How to Play a Chord: absolute beginners tips

Added on Tuesday 5 Jul 2011

Chords are the basic building blocks of songs. You can play a chord (the simultaneous sounding of three or more notes) several ways on the guitar — by strumming (dragging a pick or the back of your fingernails across the strings in a single, quick motion), plucking (with the individual right-hand fingers), or even smacking the strings with your open hand or fist. (Okay, that’s rare, unless you’re in a heavy metal band.) But you can’t just strike any group of notes; you must play a group of notes organized in some musically meaningful arrangement. For the guitarist, that means learning some left-hand chord forms.

Fingering a chord

Your best bet in learning to play the guitar is to just jump right in and play your first chord. We suggest that you start with E major, because it’s a particularly guitar-friendly chord and one that you use a lot.

After you get the hang of playing chords, you eventually find that you can move several fingers into position simultaneously.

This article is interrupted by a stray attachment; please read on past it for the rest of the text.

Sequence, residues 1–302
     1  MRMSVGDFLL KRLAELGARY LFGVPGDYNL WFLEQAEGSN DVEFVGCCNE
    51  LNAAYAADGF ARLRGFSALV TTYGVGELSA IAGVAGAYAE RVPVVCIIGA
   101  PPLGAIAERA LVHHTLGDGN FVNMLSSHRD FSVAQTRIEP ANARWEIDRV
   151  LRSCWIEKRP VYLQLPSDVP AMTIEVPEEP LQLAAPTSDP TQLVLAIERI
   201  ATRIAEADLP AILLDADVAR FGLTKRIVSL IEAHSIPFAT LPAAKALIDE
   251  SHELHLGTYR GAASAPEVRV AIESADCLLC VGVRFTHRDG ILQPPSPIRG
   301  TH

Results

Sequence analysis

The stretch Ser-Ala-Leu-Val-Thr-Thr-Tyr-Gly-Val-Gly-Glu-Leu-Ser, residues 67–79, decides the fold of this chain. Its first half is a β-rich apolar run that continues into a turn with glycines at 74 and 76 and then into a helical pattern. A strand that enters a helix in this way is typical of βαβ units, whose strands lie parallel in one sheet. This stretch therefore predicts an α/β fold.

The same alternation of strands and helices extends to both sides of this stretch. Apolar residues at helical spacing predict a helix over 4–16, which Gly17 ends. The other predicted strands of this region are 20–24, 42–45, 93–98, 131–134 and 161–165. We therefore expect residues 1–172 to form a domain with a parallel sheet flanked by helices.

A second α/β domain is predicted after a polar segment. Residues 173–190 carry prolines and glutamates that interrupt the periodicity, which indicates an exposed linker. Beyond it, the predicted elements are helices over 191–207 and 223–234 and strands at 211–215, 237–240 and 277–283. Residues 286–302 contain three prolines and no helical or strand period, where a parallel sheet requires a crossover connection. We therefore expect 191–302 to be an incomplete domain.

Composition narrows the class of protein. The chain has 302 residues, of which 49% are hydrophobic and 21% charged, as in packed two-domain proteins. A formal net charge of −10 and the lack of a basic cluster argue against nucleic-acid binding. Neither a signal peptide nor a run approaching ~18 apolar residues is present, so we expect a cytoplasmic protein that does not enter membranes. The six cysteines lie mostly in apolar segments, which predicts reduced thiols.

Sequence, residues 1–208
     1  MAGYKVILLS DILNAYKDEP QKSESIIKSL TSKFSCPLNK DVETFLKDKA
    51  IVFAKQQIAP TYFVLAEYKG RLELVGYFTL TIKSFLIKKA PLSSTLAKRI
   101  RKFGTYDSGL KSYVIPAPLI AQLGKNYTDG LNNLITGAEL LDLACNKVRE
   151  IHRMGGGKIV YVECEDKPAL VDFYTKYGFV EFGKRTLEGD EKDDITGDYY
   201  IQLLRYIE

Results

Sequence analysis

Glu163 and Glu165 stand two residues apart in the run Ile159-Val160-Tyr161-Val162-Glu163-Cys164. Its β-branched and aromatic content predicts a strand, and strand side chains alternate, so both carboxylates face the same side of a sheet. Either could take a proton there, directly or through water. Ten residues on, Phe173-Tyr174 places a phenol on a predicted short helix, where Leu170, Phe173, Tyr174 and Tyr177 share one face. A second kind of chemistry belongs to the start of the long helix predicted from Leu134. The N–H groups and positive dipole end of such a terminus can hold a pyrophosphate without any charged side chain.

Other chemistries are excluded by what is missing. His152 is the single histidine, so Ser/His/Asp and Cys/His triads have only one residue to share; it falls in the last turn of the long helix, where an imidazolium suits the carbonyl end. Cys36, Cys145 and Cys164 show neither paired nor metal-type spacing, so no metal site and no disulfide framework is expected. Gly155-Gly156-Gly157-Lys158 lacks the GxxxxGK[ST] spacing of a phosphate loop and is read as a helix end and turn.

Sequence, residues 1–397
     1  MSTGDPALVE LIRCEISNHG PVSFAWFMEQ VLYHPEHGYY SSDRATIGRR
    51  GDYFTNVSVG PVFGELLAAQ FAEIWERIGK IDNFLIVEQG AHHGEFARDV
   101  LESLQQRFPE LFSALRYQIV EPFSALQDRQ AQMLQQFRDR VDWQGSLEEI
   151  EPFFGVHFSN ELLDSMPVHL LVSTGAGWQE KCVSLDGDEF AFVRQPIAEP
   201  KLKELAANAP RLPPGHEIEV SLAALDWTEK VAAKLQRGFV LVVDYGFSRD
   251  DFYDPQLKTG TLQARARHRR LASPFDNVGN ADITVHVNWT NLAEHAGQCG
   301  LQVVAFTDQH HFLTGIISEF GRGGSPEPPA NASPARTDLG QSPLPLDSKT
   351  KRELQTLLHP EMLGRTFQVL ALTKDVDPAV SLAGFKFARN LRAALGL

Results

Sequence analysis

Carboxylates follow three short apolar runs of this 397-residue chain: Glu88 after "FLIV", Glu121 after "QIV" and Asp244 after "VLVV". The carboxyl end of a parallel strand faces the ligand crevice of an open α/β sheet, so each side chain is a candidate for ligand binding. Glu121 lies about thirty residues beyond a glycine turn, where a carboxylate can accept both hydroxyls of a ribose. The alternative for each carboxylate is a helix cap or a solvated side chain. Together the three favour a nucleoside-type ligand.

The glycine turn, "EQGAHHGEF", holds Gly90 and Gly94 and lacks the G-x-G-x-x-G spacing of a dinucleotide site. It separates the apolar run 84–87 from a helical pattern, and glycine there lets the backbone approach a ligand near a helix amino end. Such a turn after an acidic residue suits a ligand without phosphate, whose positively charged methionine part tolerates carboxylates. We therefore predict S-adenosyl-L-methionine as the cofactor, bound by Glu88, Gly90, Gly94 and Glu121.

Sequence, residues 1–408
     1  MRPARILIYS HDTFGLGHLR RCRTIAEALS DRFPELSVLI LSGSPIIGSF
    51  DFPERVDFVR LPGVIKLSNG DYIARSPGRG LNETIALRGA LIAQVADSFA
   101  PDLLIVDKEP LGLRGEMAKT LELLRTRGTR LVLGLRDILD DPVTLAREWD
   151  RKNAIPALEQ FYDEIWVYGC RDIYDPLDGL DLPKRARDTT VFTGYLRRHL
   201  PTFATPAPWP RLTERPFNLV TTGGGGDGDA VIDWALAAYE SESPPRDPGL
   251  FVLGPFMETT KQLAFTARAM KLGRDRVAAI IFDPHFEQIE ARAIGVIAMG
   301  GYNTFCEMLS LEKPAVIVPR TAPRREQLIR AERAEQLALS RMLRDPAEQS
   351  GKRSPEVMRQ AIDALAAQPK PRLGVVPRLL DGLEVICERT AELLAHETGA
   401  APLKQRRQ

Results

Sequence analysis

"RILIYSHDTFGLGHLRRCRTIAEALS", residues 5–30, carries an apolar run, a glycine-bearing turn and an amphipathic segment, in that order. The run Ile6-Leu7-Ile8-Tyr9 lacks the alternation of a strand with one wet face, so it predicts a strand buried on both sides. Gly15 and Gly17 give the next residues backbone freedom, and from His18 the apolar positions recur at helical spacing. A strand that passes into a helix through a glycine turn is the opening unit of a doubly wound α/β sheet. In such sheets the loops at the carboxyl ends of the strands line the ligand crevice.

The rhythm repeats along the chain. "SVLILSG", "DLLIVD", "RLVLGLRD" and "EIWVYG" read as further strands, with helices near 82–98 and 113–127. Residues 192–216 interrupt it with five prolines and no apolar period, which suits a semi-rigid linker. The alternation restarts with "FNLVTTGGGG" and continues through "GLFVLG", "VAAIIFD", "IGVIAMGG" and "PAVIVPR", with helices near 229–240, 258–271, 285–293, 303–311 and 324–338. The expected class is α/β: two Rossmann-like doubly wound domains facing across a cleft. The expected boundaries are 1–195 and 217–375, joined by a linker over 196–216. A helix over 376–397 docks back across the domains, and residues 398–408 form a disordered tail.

1. Place your first (index) finger on the 3rd string, first fret (actually between the nut and first fret wire but closer to the fret wire). Don’t press down hard until you have your other fingers in place. Apply just enough pressure to keep your finger from moving off the string.

2. Place your second (middle) finger on the 5th string (skipping over the 4th string), second fret. Again, apply just enough pressure to keep your fingers in place. You now have two fingers on the guitar, on the 3rd and 5th strings, with an as-yet unfretted string (the 4th) in between.

3. Place your third (ring) finger on the 4th string, second fret. You may need to wriggle your ring finger a bit to get it to fit in there between the first and second fingers and below the fret wire.

Now that your fingers are in position, strike all six strings with your right hand to hear your first chord, E.

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